Is Twitter ‘Literally’ the Best Instantaneous PR Tool Out There?

In his speech at the Democratic National Convention, Vice President Joe Biden did what he always does: He took a major detour from his scripted speech. In an effort to hammer his points more graphically, Biden injected the term “literally” nine times. In one sentence, he managed to get the word in twice ("In the first days, literally the first days that we took office, General Motors and Chrysler were literally on the verge of liquidation").

Viewers quickly jumped all over this, fired up their computers, their iPads and their smartphones and began tweeting like crazy. #literally became one of the hottest hashtags on Twitter as fans expressed their amusement and/or their disdain of Biden.

So how did the Obama team respond? Rather than stay on the defensive, they took advantage of the advertising opportunities for promoted tweets on Twitter.

Promoted tweets allow advertisers to take target an audience that is searching for a particular word or combination of words. In this case, the Obama social media team knew people would be searching for the term “literally.” Because the team purchased the word “literally,” when people searched for the word, the first tweet they saw was from Obama (@barackobama) himself. The tweet quoted Biden’s most effective line of the night, “Osama Bin Laden is dead and General Motors is alive.”

The Obama social media team had been similarly quick to respond during the Republican Party Convention. When actor Clint Eastwood had a “conversation” with President Obama (represented by an empty chair), the Obama team immediately posted a photograph on Twitter of the back of Obama’s head as he sat in a seat clearly marked The President. The tweet simply said, “This chair is taken.”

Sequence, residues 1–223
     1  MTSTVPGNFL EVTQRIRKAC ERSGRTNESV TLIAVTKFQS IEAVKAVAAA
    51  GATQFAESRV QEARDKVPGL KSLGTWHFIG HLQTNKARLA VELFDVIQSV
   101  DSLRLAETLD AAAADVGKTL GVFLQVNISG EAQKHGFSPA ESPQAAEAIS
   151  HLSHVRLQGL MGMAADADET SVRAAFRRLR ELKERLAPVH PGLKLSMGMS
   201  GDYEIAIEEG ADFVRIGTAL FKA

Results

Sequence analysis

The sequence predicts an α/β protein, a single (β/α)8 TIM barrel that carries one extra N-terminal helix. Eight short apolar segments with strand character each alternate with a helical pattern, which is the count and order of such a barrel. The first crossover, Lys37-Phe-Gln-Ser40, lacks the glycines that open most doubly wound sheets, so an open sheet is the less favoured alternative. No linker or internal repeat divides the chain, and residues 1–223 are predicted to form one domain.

Politicians aren’t the only ones who can use the power of promoted tweets and social media monitoring to make nearly instantaneous reactions to comments made on Twitter. Southwest Airlines and JetBlue have been incredibly responsive to tweets, turning negative comments into PR wins. No matter what your business does, sells or promotes, it is critical to both monitor online sentiment about your brand and then react quickly and positively to those comments.

Has your brand (or brands you represent) turned lemons into lemonade with the effective use of responsive tweets? We’d love to hear your stories.

Follow Jon Gelberg: @Jon_Gelberg

Comments Off

Deals of the Week

Get $150 Off PR News' Measurement Conference 

Media Relations ConferenceJoin PR News at the National Press Club on Dec. 11 for the Media Relations Conference, where you'll learn how to tie your media relations initiatives to business goals, use the right metrics to prove the success of your efforts, incorporate social media in a brand crisis and more.

Use code “150” at checkout to save $150 on the regular rate.

Get $50 off PR News' Crisis Management Guidebook


Crisis management is an art, not a science. In this edition of PR News’ Book of Crisis Management Strategies & Tactics, you will discover many different views on this art, and you are certain to find takeaways that will transform the way your organization handles crises. 

Use code “50off” at checkout.

Save $100 on a PR News Subscription



Let PR News become your weekly, go-to resource for the latest PR trends, case studies and tip sheets. Topics covered include visual storytelling, social media, measurement, crisis management and media relations.

Use code “SUBDEAL” at checkout.

Comments are closed.